Graduate Quantum Mechanics Reform
arxiv.org, submitted to American Journal of Physics
L. D. Carr and S. B. McKagan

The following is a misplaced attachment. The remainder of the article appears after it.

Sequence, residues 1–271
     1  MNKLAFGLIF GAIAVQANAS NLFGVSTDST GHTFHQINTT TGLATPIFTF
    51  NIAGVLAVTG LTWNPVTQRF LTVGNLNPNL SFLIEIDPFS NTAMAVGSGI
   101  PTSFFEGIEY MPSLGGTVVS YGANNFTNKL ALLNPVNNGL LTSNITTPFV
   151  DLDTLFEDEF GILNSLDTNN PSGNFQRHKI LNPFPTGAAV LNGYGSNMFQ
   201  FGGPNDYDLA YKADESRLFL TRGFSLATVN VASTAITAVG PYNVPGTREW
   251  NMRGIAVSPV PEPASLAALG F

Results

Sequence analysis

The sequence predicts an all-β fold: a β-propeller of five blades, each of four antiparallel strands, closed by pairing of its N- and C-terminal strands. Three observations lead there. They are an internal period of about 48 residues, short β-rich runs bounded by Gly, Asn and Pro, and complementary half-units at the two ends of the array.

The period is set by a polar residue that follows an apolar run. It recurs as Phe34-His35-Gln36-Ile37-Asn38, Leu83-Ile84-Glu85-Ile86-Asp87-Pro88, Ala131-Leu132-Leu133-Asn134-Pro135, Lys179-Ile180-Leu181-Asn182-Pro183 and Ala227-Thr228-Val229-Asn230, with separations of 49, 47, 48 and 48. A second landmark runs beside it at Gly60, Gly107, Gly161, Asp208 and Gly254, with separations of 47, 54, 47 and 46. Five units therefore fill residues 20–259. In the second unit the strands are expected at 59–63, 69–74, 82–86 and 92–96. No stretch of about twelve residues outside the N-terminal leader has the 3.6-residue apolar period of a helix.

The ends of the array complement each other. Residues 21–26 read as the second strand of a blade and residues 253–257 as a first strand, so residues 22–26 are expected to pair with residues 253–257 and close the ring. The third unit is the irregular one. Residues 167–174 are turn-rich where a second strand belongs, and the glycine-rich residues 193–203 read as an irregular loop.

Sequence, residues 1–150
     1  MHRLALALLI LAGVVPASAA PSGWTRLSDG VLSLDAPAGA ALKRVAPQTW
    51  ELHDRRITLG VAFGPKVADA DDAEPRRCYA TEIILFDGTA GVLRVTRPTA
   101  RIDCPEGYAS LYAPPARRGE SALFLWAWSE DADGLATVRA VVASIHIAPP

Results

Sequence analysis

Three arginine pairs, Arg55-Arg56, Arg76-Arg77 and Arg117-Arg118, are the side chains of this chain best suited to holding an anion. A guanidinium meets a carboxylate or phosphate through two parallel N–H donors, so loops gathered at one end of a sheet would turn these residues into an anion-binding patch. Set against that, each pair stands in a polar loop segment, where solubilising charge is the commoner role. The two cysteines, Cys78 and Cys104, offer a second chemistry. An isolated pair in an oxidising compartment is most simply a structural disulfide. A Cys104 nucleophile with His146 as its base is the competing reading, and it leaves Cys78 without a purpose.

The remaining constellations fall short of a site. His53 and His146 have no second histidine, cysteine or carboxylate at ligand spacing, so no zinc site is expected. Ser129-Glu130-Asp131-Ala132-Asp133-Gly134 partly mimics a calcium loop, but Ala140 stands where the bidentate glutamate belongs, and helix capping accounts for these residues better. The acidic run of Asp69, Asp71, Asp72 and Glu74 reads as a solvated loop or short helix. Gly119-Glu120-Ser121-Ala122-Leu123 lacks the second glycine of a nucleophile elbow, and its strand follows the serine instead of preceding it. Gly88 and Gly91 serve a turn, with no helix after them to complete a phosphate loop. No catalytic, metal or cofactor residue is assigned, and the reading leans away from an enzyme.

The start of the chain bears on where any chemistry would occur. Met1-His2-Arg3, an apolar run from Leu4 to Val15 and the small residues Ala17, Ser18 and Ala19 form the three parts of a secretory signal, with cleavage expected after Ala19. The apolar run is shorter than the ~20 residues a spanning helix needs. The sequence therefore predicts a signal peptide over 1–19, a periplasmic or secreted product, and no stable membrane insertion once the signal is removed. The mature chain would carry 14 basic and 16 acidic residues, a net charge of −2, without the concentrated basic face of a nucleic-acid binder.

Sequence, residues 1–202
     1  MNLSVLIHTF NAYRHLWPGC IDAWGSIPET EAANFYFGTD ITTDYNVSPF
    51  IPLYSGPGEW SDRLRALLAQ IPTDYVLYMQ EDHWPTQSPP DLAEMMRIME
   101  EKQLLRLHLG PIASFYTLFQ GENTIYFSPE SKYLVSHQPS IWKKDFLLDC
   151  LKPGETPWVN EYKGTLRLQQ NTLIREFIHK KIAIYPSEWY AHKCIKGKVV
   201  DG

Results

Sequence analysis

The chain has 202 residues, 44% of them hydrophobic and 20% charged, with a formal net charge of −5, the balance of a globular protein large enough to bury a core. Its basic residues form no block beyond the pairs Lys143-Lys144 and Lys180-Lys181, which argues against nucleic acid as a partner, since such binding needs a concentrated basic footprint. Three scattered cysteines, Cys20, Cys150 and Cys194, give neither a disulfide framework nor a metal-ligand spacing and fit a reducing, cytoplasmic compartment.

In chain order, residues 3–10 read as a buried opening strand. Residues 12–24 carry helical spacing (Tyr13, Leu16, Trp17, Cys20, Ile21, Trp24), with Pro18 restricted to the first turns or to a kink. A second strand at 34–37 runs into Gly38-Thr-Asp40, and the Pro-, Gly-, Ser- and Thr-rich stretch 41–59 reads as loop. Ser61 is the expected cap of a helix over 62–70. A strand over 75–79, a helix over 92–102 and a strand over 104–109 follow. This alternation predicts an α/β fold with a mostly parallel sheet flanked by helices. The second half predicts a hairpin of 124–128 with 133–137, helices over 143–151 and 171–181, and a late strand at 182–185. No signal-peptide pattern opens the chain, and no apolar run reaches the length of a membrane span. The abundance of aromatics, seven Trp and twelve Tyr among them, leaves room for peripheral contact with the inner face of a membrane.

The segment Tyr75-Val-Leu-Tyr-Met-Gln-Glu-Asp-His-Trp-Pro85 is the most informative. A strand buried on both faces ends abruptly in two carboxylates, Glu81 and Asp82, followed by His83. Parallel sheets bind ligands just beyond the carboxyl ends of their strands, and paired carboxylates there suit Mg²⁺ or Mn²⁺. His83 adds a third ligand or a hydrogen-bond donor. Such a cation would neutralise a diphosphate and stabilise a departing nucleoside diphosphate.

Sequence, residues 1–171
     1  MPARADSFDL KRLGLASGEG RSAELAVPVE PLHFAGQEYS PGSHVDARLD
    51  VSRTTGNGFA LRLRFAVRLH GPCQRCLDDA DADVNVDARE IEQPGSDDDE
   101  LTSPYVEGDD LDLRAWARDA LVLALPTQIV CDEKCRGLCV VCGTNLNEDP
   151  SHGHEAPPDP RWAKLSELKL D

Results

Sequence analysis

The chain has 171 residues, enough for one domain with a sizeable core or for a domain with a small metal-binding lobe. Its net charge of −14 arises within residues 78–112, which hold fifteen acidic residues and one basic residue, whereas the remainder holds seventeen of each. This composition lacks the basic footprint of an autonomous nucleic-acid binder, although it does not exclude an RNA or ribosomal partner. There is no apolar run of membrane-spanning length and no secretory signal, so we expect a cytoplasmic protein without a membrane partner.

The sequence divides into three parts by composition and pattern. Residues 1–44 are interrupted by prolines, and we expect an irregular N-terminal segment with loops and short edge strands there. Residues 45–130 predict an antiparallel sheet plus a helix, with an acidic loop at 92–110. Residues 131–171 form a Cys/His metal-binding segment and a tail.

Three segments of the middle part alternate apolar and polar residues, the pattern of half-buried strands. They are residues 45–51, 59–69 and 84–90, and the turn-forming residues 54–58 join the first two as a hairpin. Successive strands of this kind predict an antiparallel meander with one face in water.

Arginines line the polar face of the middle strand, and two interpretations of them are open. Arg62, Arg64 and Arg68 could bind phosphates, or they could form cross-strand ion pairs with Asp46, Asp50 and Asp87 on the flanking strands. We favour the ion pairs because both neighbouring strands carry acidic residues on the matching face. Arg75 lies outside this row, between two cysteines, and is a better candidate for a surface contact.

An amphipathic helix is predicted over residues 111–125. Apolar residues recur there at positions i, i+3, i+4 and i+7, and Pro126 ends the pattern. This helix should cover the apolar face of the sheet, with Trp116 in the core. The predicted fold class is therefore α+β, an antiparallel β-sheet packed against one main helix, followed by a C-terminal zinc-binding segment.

We address four main areas in which graduate quantum mechanics education in the U.S. can be improved: course content; textbook; teaching methods; and assessment tools. We report on a three year longitudinal study at the Colorado School of Mines using innovations in all four of these areas. In particular, we have modified the content of the course to reflect progress in the field in the last 50 years, use modern textbooks that include such content, incorporate a variety of teaching techniques based on physics education research, and used a variety of assessment tools to study the effectiveness of these reforms. We present a new assessment tool, the Graduate Quantum Mechanics Conceptual Survey, and further testing of a previously developed assessment tool, the Quantum Mechanics Conceptual Survey (QMCS). We find that graduate students respond well to research-based techniques that have previously been tested mainly in introductory courses, and that they learn a great deal of the new content introduced in each version of the course. We also find that students' ability to answer conceptual questions about graduate quantum mechanics is highly correlated with their ability to solve calculational problems on the same topics. On the other hand, we find that students' understanding of basic undergraduate quantum mechanics concepts at the modern physics level is not improved by instruction at the graduate level.